Monday, March 19, 2012

Club Flyers and Invites from 1970s and 1980s: Part 6

Text (c) Robert Barry Francos, 2012
Images are owned by the artists.
Also, images can be enlarged by clicking on them.

As stated in an earlier blog, throughout the years I have collected flyers, especially from the 1970s and '80s. Many were sent to me directly by the bands while I was publishing FFanzeen. Below are some scans I made from my personal collection, in no particular order. I did see many of them, but not all, and I will comment on them from time to time. Note that I do not financially profit off of publishing them, but only do so to honor the work that was involved, and for archival purposes.

1. Wayne County, Max’s Kansas City
Wayne didn’t receive enough props for helping to bring punk to the UK from New York, and vice versa. It was always a good night at Max’s when he (remember, this is pre-Jayne) was behind the DJ booth.

2. Get Hip Showcase
The garage label from the Pittsburgh area is still going strong after all these years, run by members of the Cynics.

3. Folk City Psychedelic Nights
For a while, Todd Abramson, who published the fanzine Young Fast and Scientific, booked a couple of nights at the folk stalwart that introduced such rockers as Bob Dylan, Simon and Garfunkel, and Peter, Paul and Mary. His shows are the ones in black. I saw the Nov 18 and 19th shows. Todd is now a co-owner of Hoboken’s best nightclub, Maxwell’s.

4. The Brooklyn Zoo, March 1983
While the Brighton Beach-based club wasn’t open very long, as you can see they had quite a line-up going.  Unlike now, Brooklyn was not looked upon in favorable light in the downtown Manhattan scene, and one can say it’s arguably still true beyond Williamsburg (aka Greenwich Village East, as opposed to the East Village). I saw many a good show there (including the Iggy Pop / Helen Wheels one on the flyer, where I interviewed Helen – RIP), such as BowWowWow, Joe “King” Carrasco and the Crowns, and many others.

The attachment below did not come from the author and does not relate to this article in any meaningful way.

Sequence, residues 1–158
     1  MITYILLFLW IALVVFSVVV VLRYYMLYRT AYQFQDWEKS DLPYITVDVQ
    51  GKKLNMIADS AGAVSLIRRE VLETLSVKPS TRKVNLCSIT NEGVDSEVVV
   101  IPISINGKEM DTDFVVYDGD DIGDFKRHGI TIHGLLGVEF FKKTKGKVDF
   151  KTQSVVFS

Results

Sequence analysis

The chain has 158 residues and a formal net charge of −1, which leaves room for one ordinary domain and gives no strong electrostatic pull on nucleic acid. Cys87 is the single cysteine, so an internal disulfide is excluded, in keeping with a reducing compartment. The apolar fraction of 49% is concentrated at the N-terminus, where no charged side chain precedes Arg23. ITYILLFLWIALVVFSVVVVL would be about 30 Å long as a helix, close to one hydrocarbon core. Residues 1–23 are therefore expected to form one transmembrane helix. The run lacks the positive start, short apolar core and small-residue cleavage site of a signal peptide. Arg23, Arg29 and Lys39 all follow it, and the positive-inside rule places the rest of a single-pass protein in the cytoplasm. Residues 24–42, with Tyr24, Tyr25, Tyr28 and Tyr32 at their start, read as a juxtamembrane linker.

5. The Rat
I’m sure people in Boston hate it when their Ratskeller was referred to as “the Boston CBGBs.” “Actually, it works for me, because they were both holes in the wall. I saw quite a few good shows there, as I was up in the area for many Memorial Day and Labor Day weekends, hanging out with, in alphabetical order, photographer and Bang! fanzine publisher Rocco Cippilone, cult legend Kenne Highland, future legend Donna Lethal, and music impresario Joe Viglione. Though I’ve seen Willie Alexander a few times, I would have liked to have seen most of the others on this as well.

6. Peppermint Lounge
While some of the larger clubs were more an annoyance than anything else (e.g., Danceteria), with their hindering door policies where you were never sure if you were wasting a trip, the Pep Lounge was wide open and many wonderful shows were to be seen there. Some I caught were the Stiff Little Fingers show listed here, the Fuzztones, Chesterfield Kings, and Husker Du, to name a smidgen. Great venue to see bands.

7. When People Were Shorter and Lived Near the Water
Yes, WPWSaLNeW is a great name (or horrible, depending on your taste), but they were mostly a joke band. A side project for a bunch of local New York City musicians; they did bizarre covers (only) of songs that were classic rock, punk, or even Top 10. Usually, the sound was distorted and very guitar heavy. But they did play pretty often in CBGB’s Jr., aka the CBGBs Record Canteen (next door to Sr.).

8. New Music Awards, Beacon Theater, 1985
I had been to the awards the year before, at Studio 54 (hosted, in part, by Al Franken in wedding dress drag), but did not make it to this one. Perhaps it was the Cheech and Chong emceeing that scared me off, because I never found them funny (“Who is it, maaan?!”).

9. Art
Led by New York punker extremeo Mykel Board, Art was actually a very sharp, biting band that skewered some of the bigger releases from the scene in a very nasty (re: fun), Weird Al re-writing way. If you can ever find their Live at Carnegie Hall release, it is amazing.

10. Artless, The Pyramid, 1986
After the collapse of Art, it only makes sense that Mykel Board’s next group was called Artless. It continued in a more hardcore way, but just as biting.                                                           

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